by Kate Lachance
figures by Rebecca Senft

Close your eyes. 

Picture a scientist.

What does this scientist look like?

Beginning in the late 1950s, the stereotypical image of a scientist was of great interest to many anthropologists, including Dr. Margaret Mead and Dr. Rhoda Métraux. They conducted a survey of over 35,000 high school students in the United States, probing what the students believed a scientist to be. The responses were overwhelmingly consistent: Male. Caucasian. Middle-aged. Bearded. Bespectacled. Wearing a white lab coat. Writing in a black lab notebook. In a dark lab. Surrounded by vibrantly colored, bubbling liquids. This describes the stereotypical scientist. 

Stereotypes of scientists begin at an early age

The study of scientist stereotypes was formalized in the 1970s and 1980s by Dr. David Wade Chambers. He developed the Draw-A-Scientist Test, which requires children to “draw a scientist.” These drawings were then formally analyzed for indicators of stereotype, including the scientist being male, Caucasian, and middle-aged, using a checklist. Because Dr. Chambers used drawings rather than a written description of a scientist’s attributes, he was also the first to assess the stereotypes about scientists held in children as young as six years old. Even elementary school students were drawing overwhelmingly stereotypical scientists – of the 4,807 drawings he collected, only 28 were female and none were African American. 

Indeed, Chambers and other scientists that repeated his experiments later found that stereotypes about scientists develop at an incredibly early age and persist, independent of student identity. That is, a classroom full of female students will overwhelmingly draw male scientists, and underrepresented minority students overwhelmingly draw Caucasian scientists

But does any of this really matter? If a little girl draws a picture of Albert Einstein when asked to draw a scientist, does that make her less likely to become a scientist? Absolutely.

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Figure 1. The Draw-A-Scientist Test. Even from an early age, children draw similar pictures of scientists, as quantified with a checklist of common scientist stereotypes. 

Stereotype threat suppresses diversity in science

When young women are reminded, or worse if they internally believe, that they do not look like a stereotypical scientist, they are much less likely to become a scientist themselves. More generally, when anyone repeatedly encounters negative stereotypes against their identity, they are more likely to conform to that negative stereotype. This phenomenon is called stereotype threat, and was first described in 1995 by two social psychologists. Stereotype threat is pervasive, from African American students underperforming on standardized tests to women underperforming in high school math classes. Stereotype threat does not mean that these negative stereotypes are true, but rather that being reminded of a relevant negative stereotype causes anxiety about performance, hindering the ability to perform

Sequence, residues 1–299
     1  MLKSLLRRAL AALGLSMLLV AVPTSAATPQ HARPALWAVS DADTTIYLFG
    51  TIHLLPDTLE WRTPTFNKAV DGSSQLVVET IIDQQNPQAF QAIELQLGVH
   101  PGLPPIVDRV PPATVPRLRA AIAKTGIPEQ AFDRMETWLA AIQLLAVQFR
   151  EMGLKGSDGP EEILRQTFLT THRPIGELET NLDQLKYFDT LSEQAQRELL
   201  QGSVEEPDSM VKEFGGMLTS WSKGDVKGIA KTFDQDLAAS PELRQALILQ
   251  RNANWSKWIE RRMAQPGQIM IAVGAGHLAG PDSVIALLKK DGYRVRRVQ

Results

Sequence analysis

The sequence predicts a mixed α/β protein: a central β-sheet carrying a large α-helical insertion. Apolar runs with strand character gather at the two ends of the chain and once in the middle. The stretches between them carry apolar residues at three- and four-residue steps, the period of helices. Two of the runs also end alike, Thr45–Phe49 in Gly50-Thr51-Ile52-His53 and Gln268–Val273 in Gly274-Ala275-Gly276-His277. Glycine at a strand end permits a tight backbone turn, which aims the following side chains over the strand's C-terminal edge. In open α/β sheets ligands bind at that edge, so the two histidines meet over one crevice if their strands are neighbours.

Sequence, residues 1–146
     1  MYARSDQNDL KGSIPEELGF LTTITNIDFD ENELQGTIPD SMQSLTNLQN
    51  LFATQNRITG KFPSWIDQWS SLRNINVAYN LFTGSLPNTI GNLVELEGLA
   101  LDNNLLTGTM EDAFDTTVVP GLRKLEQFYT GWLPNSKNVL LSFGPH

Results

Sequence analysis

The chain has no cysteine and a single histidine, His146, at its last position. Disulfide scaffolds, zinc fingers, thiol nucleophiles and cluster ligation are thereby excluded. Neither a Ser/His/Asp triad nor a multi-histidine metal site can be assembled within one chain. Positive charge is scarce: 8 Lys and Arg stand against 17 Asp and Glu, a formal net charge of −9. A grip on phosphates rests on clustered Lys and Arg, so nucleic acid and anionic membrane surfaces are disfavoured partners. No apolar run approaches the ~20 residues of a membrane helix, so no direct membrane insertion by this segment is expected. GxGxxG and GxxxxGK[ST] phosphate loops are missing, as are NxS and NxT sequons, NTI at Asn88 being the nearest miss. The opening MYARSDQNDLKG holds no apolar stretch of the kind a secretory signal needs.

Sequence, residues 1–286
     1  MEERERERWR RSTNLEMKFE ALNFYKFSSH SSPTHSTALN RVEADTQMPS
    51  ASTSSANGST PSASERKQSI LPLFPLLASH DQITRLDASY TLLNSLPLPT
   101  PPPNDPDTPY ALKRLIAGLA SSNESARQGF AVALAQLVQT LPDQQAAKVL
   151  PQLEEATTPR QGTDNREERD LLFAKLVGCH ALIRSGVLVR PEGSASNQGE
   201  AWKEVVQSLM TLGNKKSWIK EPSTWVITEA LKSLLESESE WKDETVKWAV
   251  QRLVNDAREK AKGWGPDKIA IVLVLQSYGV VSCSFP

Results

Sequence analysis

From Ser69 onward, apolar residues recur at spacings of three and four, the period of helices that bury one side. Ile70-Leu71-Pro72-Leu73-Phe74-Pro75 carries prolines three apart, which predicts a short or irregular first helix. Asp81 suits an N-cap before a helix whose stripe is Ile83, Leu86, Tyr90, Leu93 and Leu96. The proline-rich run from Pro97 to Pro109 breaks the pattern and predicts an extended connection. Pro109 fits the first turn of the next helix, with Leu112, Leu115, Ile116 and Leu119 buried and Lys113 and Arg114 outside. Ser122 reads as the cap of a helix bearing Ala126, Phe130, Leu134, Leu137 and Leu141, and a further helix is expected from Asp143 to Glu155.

Stereotype threat then creates self-fulfilling prophecies: people feel anxiety about these negative stereotypes, and therefore conform to them. The Draw-A-Scientist Test reveals that children, from a very young age, have internalized stereotypes about scientists – namely, that scientists are male, Caucasian, and middle-aged. Evidence suggests that these stereotypes limit girls’ interest in science-related activities and careers. So, these stereotypes are reinforced by a lack of diversity among scientists. 

And this theory materializes in reality. There is a dearth of women and minorities in science. In 2016, of all engineering bachelor’s degrees awarded, only 21% were awarded to women; for master’s degrees, 25% were for women, and for doctorates, 24% were for women. For minorities, these percentages were even lower: 22% for bachelor’s in any STEM subject, 13% for master’s, and 9% for doctorates. Shockingly, these low percentages reflect all racial and ethnic minorities, combined. Moreover, of all people working in science or engineering occupations in 2017, more than half were white males, and only 25% were women of any race